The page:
Play Dolls in Halacha

Ask the Rov: Does the prohibition of human sculptures apply to play dolls?

By Rabbi Chaim Hillel Raskin – Rov of Anash in Petach Tikvah

When the Torah discusses the prohibition of graven images, the posuk says, “lo sa’asun iti (אִתִּי) – Do not make with Me,” which Chazal expound to read with alternative nekudos as “lo sa’asun osi (אֹתִי) – Do not make Me.” This refers to forming a 3-dimensional form of a human, since that is the form in which Hashem appeared to the nevi’im.1

Aside from the Torah prohibition to form such an image or sculpture, miderabanan one may not keep such an image that was formed by others, since people might think that he made it.

If part of the human form is missing — e.g. it doesn’t have a nose or an ear — it is allowed. Some hold that it suffices to chip the nose or ear, while others require an entire limb to be removed.2 This should be done to porcelain figurines and the like. A head without a body is subject to debate amongst poskim, and one should refrain from creating it, but one may keep an already made one.3

What about hard play dolls?

Many poskim are lenient based on multiple reasons, including: (1) Idol worship is not popular nowadays and he won’t be suspected of having an idol, (2) contemporary play dolls are clearly not idols and are never worshiped by anyone;4 and (3) the prohibition only applies to images that are treated with respect, not dolls that are played with.5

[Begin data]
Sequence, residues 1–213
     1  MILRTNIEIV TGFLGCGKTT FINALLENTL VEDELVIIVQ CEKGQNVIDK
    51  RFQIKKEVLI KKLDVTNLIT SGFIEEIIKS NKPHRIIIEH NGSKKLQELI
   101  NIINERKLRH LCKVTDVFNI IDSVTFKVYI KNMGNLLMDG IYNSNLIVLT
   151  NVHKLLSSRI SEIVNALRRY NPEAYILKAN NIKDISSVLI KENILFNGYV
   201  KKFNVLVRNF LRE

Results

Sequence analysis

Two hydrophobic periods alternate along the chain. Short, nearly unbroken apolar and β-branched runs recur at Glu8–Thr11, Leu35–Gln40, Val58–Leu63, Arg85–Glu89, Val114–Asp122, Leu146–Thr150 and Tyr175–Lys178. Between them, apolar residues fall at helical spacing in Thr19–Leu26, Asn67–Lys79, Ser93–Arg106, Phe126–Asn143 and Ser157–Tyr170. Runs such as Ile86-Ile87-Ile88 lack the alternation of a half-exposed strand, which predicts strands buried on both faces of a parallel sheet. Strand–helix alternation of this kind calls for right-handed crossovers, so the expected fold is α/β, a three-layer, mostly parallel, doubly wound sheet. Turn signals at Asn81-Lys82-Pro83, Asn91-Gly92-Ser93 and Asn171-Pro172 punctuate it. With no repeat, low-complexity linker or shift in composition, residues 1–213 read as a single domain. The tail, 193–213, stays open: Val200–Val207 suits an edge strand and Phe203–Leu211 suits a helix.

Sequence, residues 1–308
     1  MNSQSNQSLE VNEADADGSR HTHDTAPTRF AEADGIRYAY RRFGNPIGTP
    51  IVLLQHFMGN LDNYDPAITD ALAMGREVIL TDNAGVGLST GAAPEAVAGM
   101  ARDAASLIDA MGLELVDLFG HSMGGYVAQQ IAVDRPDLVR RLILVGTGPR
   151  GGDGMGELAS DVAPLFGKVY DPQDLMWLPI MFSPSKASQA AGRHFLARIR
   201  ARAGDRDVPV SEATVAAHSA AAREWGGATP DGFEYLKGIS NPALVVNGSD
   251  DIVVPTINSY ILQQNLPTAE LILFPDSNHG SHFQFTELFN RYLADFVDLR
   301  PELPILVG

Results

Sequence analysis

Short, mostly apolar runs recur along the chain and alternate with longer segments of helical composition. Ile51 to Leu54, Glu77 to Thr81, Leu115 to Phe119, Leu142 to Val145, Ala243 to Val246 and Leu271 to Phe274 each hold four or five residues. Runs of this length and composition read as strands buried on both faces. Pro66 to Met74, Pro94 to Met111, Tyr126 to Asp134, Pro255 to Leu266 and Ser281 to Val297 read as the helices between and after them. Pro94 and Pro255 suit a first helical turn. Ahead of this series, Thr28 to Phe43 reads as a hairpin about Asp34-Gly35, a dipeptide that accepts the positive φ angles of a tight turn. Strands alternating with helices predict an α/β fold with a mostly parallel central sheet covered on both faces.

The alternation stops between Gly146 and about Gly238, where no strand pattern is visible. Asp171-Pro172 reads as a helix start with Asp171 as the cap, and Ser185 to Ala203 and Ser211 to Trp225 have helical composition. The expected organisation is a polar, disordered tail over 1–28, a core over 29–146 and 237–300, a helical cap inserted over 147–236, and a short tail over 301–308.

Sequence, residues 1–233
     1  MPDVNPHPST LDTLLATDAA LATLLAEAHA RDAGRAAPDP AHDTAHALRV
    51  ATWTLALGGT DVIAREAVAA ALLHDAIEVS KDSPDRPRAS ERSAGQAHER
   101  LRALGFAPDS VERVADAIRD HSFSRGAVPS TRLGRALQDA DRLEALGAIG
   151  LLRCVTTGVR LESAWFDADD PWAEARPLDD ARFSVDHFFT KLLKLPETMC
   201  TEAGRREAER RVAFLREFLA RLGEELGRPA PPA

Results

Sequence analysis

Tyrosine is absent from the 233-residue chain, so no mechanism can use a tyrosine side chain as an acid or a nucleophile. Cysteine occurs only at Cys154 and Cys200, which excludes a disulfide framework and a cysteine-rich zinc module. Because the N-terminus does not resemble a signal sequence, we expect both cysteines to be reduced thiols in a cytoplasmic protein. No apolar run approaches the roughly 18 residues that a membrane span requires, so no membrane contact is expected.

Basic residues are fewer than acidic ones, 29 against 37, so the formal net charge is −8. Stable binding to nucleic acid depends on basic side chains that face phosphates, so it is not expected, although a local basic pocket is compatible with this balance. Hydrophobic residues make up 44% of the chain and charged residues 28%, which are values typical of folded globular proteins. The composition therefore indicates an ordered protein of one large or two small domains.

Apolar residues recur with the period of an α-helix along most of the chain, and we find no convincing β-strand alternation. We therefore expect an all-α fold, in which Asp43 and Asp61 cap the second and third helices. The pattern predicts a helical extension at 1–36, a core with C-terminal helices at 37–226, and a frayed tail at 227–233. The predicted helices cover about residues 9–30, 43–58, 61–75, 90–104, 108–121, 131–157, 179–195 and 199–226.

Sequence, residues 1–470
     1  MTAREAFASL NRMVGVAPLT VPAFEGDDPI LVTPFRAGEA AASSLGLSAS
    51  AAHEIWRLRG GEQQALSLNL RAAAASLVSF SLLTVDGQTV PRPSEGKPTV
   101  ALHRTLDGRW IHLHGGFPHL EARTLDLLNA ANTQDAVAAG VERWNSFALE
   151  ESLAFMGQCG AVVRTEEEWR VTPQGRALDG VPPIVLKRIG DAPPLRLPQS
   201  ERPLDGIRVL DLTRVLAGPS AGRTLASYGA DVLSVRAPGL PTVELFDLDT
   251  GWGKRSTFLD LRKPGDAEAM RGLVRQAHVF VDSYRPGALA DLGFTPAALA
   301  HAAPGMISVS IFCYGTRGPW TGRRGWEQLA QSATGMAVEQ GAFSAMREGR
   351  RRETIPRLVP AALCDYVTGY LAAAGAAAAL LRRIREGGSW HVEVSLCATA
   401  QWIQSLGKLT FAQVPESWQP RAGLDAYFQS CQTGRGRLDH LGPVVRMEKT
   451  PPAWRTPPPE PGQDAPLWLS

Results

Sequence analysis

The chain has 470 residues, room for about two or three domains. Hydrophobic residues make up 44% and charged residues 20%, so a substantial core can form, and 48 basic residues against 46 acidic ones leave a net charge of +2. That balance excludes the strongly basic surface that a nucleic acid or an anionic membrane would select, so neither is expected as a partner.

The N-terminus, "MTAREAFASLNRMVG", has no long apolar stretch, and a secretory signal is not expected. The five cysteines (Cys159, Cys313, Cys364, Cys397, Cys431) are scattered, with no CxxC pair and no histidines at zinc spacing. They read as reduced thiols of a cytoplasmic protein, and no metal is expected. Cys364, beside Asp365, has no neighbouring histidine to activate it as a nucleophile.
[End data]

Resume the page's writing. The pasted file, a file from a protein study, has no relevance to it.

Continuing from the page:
Others argue that it presents an issue since we don’t have the authority to change Chazal’s decrees even when circumstances have changed.6 Some hold that even according to the lenient view, if the doll’s leg or arm falls out, one should not reconnect it, since “making” a form is a questionable issur d’oraisa.7

In practice, the custom is to be lenient in owning such dolls, but not with making them. Yet, it’s preferable to deform the doll by removing a tiny bit from the nose in a way that the child won’t even notice.8 Cloth dolls do not pose any concern since they don’t have a humanlike figure. (A hard head with a cloth body would like a head alone which one may be lenient to keep.)

See Sources (open PDF)

From The Weekly Farbrengen by Merkaz Anash

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